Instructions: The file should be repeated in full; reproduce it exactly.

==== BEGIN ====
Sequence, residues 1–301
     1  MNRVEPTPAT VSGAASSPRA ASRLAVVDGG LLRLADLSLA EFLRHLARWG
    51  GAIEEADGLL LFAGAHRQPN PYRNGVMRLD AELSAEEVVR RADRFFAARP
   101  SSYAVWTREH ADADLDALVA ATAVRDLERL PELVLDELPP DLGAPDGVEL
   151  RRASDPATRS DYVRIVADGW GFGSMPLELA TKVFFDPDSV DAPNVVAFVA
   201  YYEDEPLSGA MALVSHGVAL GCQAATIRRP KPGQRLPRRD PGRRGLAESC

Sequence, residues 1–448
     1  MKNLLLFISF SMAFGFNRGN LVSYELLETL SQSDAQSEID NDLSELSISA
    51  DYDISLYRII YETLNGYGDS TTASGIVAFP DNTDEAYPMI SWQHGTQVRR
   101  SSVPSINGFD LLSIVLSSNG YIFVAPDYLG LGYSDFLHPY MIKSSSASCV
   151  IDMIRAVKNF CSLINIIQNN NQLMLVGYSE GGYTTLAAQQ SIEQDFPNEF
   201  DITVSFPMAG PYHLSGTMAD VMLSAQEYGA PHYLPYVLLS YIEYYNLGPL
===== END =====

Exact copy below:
Sequence, residues 1–301
     1  MNRVEPTPAT VSGAASSPRA ASRLAVVDGG LLRLADLSLA EFLRHLARWG
    51  GAIEEADGLL LFAGAHRQPN PYRNGVMRLD AELSAEEVVR RADRFFAARP
   101  SSYAVWTREH ADADLDALVA ATAVRDLERL PELVLDELPP DLGAPDGVEL
   151  RRASDPATRS DYVRIVADGW GFGSMPLELA TKVFFDPDSV DAPNVVAFVA
   201  YYEDEPLSGA MALVSHGVAL GCQAATIRRP KPGQRLPRRD PGRRGLAESC

Sequence, residues 1–448
     1  MKNLLLFISF SMAFGFNRGN LVSYELLETL SQSDAQSEID NDLSELSISA
    51  DYDISLYRII YETLNGYGDS TTASGIVAFP DNTDEAYPMI SWQHGTQVRR
   101  SSVPSINGFD LLSIVLSSNG YIFVAPDYLG LGYSDFLHPY MIKSSSASCV
   151  IDMIRAVKNF CSLINIIQNN NQLMLVGYSE GGYTTLAAQQ SIEQDFPNEF
   201  DITVSFPMAG PYHLSGTMAD VMLSAQEYGA PHYLPYVLLS YIEYYNLGPL